Change at council, mayor announces not running again
Well, change is afoot on the municipal political front. Maxime Pedneaud-Jobin announced last week that he is not running for his seat again. This shocking news was a surprise to many, leaving pundits scratching their heads and leaving admirers wondering what they could do to change his mind.
As head of the only municipal political party in Gatineau, the challenge of running a council with only six of the 18 councillors representing the political party, Mr Pedneaud-Jobin nevertheless managed to lead the city through two record-level floods, a hurricane, a pandemic, as well as an overhaul of the Urbanism Plan and city worker contract negotiations. Indeed the list of accomplishments, and projects underway, is long. The impact this mayor has had on Gatineau will certainly go down in the annals of history. In fact, his work to improve Gatineau had a spill-over effect on big cities across the province under his presidency of the Big Cities Caucus at the Union of Quebec Municipalities (UMQ).
An ardent supporter of journalism, and print media in particular, Pedneaud-Jobin pushed for transparency at council, ensuring that the Minutes of committee and council meetings are available on the city’s website. The aim of this editorial isn’t to support or dispute any of the initiatives cited here – plenty of folks and organizations dispute the success of this mayoral time for Gatineau.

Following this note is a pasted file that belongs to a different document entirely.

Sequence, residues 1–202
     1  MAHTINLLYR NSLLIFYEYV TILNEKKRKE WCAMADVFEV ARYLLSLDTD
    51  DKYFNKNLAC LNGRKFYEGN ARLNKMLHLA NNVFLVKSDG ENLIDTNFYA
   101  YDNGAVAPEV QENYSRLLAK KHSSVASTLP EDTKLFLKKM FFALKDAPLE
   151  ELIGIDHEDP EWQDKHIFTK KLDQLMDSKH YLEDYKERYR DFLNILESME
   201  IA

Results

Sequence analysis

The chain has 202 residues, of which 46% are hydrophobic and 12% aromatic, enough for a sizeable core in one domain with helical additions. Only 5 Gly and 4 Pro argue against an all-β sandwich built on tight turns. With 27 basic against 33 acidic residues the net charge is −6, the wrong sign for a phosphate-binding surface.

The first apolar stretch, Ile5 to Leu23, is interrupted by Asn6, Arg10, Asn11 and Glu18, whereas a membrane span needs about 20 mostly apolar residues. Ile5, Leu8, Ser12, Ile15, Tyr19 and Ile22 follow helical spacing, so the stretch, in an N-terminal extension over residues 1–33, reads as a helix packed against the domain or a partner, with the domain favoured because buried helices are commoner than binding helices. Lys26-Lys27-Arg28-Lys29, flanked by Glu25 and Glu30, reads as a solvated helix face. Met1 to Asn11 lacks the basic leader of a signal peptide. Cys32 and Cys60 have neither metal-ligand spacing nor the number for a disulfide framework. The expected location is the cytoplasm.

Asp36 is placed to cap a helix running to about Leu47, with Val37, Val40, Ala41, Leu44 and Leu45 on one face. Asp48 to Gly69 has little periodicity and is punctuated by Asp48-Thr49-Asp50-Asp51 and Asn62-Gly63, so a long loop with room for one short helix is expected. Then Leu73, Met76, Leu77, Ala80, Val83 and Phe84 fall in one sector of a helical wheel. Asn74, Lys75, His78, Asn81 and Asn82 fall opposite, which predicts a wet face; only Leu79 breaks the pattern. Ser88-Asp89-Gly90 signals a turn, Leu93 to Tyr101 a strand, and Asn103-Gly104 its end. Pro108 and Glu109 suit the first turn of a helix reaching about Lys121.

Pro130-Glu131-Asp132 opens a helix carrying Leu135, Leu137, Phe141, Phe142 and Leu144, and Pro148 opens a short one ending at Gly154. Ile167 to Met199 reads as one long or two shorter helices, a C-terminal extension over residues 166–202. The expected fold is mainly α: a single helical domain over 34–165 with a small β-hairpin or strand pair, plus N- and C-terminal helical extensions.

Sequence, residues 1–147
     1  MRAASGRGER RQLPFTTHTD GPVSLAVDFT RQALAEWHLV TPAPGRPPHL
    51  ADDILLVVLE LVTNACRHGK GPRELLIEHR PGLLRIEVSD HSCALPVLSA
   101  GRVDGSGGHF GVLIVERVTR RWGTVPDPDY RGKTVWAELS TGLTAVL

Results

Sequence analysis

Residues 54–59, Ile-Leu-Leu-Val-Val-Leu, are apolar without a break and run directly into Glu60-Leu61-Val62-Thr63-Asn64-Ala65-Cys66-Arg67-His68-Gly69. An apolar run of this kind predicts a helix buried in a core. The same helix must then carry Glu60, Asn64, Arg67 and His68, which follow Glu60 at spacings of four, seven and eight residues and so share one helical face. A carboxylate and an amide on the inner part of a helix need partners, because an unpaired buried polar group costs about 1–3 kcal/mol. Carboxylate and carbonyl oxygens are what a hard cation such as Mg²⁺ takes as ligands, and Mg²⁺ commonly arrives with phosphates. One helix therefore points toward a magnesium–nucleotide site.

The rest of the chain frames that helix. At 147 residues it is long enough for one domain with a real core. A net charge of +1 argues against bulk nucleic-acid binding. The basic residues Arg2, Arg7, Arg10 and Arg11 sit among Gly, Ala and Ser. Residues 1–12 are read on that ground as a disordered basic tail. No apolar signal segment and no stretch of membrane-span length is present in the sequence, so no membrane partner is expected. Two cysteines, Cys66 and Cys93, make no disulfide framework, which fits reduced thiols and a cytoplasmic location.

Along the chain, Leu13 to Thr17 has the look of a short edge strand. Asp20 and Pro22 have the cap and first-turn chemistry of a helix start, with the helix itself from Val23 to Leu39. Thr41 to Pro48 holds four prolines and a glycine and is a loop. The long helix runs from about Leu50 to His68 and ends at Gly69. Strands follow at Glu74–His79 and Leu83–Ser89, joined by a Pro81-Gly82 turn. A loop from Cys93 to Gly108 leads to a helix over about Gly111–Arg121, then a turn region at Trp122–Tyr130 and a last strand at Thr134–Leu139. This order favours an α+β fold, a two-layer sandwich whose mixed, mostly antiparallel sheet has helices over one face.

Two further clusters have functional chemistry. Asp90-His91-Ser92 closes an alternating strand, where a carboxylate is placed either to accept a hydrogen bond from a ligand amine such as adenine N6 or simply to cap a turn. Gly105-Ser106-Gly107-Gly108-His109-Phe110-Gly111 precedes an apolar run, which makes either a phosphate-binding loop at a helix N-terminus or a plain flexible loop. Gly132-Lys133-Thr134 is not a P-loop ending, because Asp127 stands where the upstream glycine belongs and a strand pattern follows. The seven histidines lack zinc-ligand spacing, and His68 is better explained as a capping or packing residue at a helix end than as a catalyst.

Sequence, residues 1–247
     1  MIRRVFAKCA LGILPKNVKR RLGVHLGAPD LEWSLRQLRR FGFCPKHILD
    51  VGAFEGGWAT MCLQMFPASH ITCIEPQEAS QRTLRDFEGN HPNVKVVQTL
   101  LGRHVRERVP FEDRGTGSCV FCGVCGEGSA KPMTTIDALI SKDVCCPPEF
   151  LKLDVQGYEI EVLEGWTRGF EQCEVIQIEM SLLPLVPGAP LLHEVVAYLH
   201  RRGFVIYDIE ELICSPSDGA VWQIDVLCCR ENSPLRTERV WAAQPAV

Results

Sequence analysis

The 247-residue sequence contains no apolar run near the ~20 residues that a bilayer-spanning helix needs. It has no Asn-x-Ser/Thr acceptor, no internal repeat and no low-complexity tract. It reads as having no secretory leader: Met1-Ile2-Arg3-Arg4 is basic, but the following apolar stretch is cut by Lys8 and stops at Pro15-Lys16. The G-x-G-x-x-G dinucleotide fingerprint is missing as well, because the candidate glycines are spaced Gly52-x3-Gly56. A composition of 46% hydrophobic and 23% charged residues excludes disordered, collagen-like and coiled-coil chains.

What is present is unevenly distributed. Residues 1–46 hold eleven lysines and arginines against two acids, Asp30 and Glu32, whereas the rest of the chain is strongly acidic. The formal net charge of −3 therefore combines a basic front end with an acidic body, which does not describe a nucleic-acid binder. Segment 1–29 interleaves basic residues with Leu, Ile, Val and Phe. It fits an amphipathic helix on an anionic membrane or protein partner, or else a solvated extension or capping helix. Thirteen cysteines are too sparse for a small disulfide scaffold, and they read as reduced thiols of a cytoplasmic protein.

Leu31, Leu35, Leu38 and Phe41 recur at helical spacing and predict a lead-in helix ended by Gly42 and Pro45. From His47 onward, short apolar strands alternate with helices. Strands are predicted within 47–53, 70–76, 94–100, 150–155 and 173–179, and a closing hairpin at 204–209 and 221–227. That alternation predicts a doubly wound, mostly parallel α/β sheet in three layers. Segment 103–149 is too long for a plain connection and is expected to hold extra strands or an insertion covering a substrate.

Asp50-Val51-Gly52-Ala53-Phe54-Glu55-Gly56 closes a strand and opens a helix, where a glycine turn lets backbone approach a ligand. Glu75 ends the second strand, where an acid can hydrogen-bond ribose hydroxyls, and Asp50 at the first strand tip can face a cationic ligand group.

An election campaign is well underway and the change at the mayor’s office is just part of it. Aylmer even has a fifth district going forward – 19 councillors are to be elected next November. District 3’s Mike Duggan will have a change. The Action Gatineau candidate there has been announced, a bright light named Caroline Murray. Other candidates haven’t come forward, but this riding traditionally has a high-impact councillor (Richard Bégin, Alain Riel most recently). Maude-Marquis Bissonnette in Ward 4 (soon to be Ward 5) is running again and is a member of Action Gatineau. For Districts 1 and 2, Audrey Bureau and Gilles Chagnon would be hard-pressed not to run, their popularity in those ridings is very high and council as a whole benefits from these hard-working councillors.
As for the mayor’s seat, there is no announcement at press time as to who will run on the Action Gatineau ticket. Jean-François Leblanc, a councillor popular in most parts of Gatineau, launched his campaign to widespread support. France Bélisle, former director of Tourisme Outaouais, announced her candidacy on February 1. Either one of these candidates would make a fine mayor, indeed. Interestingly, neither has the funds and organizational support that come from a municipal political party (over $100,000 for allocations funding from the party that independents do not have behind their campaigns – plus the usual $5,000 that all candidates may spend). Stay tuned and help by writing letters to the editor throughout the campaign.